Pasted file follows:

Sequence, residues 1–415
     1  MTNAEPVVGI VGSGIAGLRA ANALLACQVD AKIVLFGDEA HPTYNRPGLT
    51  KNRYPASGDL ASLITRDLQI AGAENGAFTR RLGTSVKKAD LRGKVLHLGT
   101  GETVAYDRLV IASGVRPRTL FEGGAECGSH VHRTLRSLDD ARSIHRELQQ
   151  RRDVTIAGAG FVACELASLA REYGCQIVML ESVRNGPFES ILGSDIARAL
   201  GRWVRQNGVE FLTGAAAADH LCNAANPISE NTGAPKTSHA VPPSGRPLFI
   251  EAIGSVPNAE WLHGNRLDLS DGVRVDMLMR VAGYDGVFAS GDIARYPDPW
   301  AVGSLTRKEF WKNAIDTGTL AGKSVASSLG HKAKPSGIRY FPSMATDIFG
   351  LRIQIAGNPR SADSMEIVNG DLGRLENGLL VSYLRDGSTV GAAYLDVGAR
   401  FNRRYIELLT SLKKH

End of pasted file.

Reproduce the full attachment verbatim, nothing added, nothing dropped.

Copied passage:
Sequence, residues 1–415
     1  MTNAEPVVGI VGSGIAGLRA ANALLACQVD AKIVLFGDEA HPTYNRPGLT
    51  KNRYPASGDL ASLITRDLQI AGAENGAFTR RLGTSVKKAD LRGKVLHLGT
   101  GETVAYDRLV IASGVRPRTL FEGGAECGSH VHRTLRSLDD ARSIHRELQQ
   151  RRDVTIAGAG FVACELASLA REYGCQIVML ESVRNGPFES ILGSDIARAL
   201  GRWVRQNGVE FLTGAAAADH LCNAANPISE NTGAPKTSHA VPPSGRPLFI
   251  EAIGSVPNAE WLHGNRLDLS DGVRVDMLMR VAGYDGVFAS GDIARYPDPW
   301  AVGSLTRKEF WKNAIDTGTL AGKSVASSLG HKAKPSGIRY FPSMATDIFG
   351  LRIQIAGNPR SADSMEIVNG DLGRLENGLL VSYLRDGSTV GAAYLDVGAR
   401  FNRRYIELLT SLKKH